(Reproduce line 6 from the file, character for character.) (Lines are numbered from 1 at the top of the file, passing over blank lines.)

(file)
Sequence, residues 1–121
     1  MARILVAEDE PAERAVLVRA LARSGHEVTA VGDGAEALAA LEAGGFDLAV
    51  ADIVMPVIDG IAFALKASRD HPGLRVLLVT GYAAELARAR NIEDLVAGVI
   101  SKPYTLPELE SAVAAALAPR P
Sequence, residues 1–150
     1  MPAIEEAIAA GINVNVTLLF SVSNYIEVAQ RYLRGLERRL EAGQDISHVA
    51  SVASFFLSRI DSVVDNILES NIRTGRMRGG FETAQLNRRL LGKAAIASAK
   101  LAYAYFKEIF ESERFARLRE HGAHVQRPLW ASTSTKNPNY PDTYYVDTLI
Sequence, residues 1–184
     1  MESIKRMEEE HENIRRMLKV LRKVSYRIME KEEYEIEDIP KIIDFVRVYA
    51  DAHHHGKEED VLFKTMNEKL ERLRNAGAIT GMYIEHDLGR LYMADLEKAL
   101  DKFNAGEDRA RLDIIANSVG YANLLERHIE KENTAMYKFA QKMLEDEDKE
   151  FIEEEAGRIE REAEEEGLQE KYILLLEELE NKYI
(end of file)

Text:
     1  MPAIEEAIAA GINVNVTLLF SVSNYIEVAQ RYLRGLERRL EAGQDISHVA